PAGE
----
Balanced Oil and Gas Regulations in Arapahoe County

By Nancy Sharpe

Arapahoe County Commissioner

District 2

A little more than two years ago, Arapahoe County Colorado began to see a fast uptick in oil and natural gas production. The new horizontal drilling technique combined with the process of hydraulic fracturing, commonly called fracking, opened up sections of the Niobrara Formation located in Arapahoe County. These innovative drilling techniques have made previously unprofitable areas such as the Arapahoe County section of the Niobrara Formation accessible to large producers such as Anadarko, Conoco Phillips and Noble Energy as well as many smaller sized operators.

While oil and gas production has been taking place in Arapahoe County for more than 40 years, the new energy boom created a wave of renewed interest in the county. Arapahoe County government began to hear a rise in citizen concerns along with new pressures placed on communities and infrastructure. The national attention on fracking created a heightened awareness within the community and among my colleagues on the Board of Arapahoe County Commissioners.

In response, we began a process of looking into what state regulations were already on the books as well as what we could be doing to best protect our county. Our first attempt at enacting regulations was voted down in favor of taking an in-depth look at the industry with an eye toward developing a set of regulations unique to our particular needs as a county. We set forth on a process that was guided by four basic points:

  1. That we would not duplicate regulations already in place by the state
  2. We would strengthen the counties relationship with the current Colorado Oil and Gas Conservation Commission Designee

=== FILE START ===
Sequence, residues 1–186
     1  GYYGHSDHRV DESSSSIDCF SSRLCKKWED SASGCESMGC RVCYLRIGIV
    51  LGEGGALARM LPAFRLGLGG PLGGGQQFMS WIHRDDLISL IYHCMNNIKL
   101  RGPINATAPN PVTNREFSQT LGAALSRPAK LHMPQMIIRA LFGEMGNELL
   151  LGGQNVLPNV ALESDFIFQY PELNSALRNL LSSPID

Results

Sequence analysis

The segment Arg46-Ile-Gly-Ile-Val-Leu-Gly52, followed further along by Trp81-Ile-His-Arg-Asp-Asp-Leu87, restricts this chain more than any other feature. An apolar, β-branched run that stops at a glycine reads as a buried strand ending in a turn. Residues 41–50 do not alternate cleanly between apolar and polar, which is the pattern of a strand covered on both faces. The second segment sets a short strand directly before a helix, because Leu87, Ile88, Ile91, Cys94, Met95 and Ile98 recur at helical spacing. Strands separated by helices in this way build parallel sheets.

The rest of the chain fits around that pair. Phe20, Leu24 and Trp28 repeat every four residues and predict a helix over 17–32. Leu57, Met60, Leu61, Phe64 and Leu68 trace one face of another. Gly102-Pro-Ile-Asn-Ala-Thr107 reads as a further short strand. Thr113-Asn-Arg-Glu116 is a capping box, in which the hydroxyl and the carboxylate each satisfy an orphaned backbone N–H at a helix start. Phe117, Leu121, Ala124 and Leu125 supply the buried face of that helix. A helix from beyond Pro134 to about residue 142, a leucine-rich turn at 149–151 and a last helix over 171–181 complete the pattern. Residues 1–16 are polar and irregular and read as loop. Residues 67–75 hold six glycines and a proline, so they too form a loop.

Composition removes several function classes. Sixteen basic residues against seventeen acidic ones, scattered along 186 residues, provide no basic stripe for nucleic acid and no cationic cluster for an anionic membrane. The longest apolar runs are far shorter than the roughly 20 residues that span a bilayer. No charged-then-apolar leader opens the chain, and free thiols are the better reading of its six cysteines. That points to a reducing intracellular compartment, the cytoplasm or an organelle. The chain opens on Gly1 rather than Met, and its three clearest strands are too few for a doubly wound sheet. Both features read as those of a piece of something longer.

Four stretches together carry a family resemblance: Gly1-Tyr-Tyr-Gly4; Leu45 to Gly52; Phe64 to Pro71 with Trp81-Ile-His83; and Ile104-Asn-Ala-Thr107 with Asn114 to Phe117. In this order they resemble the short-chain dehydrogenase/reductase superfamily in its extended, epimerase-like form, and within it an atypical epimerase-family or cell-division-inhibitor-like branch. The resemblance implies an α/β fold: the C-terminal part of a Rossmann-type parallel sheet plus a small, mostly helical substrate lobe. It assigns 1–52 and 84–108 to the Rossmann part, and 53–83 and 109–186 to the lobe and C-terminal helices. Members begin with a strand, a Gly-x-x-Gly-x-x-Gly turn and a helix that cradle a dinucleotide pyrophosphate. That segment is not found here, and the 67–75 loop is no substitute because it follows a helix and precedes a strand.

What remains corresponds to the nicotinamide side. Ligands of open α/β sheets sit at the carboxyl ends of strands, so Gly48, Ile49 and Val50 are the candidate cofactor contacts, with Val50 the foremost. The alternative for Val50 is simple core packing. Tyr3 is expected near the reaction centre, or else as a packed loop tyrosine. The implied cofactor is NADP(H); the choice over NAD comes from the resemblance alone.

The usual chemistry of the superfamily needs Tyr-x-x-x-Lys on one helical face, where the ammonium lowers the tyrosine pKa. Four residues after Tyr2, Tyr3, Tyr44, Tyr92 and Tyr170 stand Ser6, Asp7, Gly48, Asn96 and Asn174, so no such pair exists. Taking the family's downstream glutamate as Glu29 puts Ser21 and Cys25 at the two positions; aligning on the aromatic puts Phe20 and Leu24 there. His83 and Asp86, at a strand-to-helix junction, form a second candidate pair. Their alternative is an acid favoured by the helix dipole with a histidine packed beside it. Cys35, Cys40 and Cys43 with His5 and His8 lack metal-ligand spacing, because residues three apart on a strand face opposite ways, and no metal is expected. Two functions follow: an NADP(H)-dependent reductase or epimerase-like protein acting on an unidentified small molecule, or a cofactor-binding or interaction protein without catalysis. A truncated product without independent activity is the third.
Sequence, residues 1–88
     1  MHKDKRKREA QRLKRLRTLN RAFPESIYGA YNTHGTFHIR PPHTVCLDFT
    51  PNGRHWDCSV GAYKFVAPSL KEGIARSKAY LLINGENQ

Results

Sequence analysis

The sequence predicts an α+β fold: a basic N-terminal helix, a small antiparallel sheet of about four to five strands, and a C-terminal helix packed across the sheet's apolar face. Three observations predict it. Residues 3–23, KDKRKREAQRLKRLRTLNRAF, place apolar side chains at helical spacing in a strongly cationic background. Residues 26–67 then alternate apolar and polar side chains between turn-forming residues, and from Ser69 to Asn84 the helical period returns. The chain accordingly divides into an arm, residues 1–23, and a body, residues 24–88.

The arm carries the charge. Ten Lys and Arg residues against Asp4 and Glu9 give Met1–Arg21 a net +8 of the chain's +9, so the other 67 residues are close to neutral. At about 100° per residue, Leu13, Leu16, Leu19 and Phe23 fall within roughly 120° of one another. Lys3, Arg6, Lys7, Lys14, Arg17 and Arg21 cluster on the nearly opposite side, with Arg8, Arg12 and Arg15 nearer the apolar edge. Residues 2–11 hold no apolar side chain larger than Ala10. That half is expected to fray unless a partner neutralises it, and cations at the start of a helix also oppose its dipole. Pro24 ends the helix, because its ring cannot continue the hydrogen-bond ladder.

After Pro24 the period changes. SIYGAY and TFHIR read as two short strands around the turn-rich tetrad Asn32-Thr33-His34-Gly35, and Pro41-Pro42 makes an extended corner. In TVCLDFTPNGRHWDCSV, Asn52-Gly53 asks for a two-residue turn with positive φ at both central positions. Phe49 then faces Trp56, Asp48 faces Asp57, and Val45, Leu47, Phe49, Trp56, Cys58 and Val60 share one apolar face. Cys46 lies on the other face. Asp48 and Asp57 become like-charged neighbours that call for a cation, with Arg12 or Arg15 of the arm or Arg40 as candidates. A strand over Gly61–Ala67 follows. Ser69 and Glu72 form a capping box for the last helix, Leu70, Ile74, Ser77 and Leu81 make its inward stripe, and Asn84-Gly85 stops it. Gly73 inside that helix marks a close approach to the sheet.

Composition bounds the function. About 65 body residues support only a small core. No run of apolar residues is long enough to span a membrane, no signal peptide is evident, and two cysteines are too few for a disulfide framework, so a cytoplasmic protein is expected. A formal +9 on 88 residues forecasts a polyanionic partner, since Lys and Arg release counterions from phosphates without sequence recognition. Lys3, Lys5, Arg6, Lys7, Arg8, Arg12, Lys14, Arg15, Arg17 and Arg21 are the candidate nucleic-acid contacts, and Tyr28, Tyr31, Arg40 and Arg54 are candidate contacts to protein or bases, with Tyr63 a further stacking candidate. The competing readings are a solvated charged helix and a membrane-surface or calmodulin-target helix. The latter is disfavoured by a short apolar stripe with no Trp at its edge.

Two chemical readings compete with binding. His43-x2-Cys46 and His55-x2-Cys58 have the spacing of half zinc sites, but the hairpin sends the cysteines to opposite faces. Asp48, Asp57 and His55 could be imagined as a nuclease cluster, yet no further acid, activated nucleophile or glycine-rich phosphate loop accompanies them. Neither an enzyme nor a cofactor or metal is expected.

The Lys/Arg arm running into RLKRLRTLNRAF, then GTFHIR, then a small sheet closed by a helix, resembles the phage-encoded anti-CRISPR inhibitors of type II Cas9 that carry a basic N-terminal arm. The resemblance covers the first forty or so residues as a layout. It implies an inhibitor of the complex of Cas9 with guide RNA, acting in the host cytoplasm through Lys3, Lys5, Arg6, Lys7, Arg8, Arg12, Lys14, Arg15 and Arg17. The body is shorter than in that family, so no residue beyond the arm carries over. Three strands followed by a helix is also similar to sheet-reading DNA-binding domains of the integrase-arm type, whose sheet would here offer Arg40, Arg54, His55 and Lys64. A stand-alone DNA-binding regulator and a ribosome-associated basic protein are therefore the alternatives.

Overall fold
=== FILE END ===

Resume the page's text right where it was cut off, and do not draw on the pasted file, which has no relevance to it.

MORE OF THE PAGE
3. That we would focus on our local needs
  4. That we would establish a process for developing strong relationships between the county and operators

With these points, we began a year and a half long process of studying the issues, separating fact from fiction and meeting with key stakeholders. Our staff and County Commissioners met every 2 weeks to discuss the ongoing process, met with experts on drilling techniques such as representatives from the Colorado School of Mines, held open house meetings with industry and community members and toured the drill sites and visited impacted areas.

Our education and research led to the adoption of a set of regulations that promotes the responsible production of natural gas while protecting Arapahoe County’s roads and infrastructure, citizen concerns and our environment, land and water. I believe that Arapahoe County’s oil and gas regulations are among the best anywhere in the country in striking this important balance.

Specifically, we created a process through which oil and gas operators have the ability to streamline their applications by signing on to a Memorandum of Understanding. This MOU requires that operators adhere to the rules and regulations set forth by the county. Proposed wells that fall outside of the scope of the MOU are able to undergo the permitting process through the Board of County Commissioners.

Another highlight of the Arapahoe County regulations is the hiring of a specially trained county staff member who has the same training as a state well safety inspector. With this training, our team member has the ability to recognize emerging issues and spot safety concerns for us at the county level. If an issue arises, we can quickly bring in state inspectors and work with the operator in mitigating the issue.

We also put in place sensible regulations to protect our infrastructure and communities. Operators are encouraged and in some areas required under the rules to temper their use of county roads during high traffic times. In many cases they are given the ability to construct special roads that head directly to well sites as opposed to using county roads. We also approved the construction of the Front Range pipeline through Arapahoe County which will further alleviate wear and tear on our infrastructure in transporting natural gas.

County residents have been granted access to a grievance process that ensures their voice will be heard in the case that an issue does arise. The Arapahoe Board of County Commissioners has been committed throughout this process to establishing strong safeguards for our residents.

In conclusion, I believe that the process we instituted and the eventual rules and regulations that have been developed have created a positive balance for oil and gas operators, local governments and our residents within Arapahoe County. It is our hope that other counties across the state and nation who may be grappling with similar issues can utilize the lessons we learned and the process to better develop rules in their own region that balance landowners, oil and gas operators and protect their environment.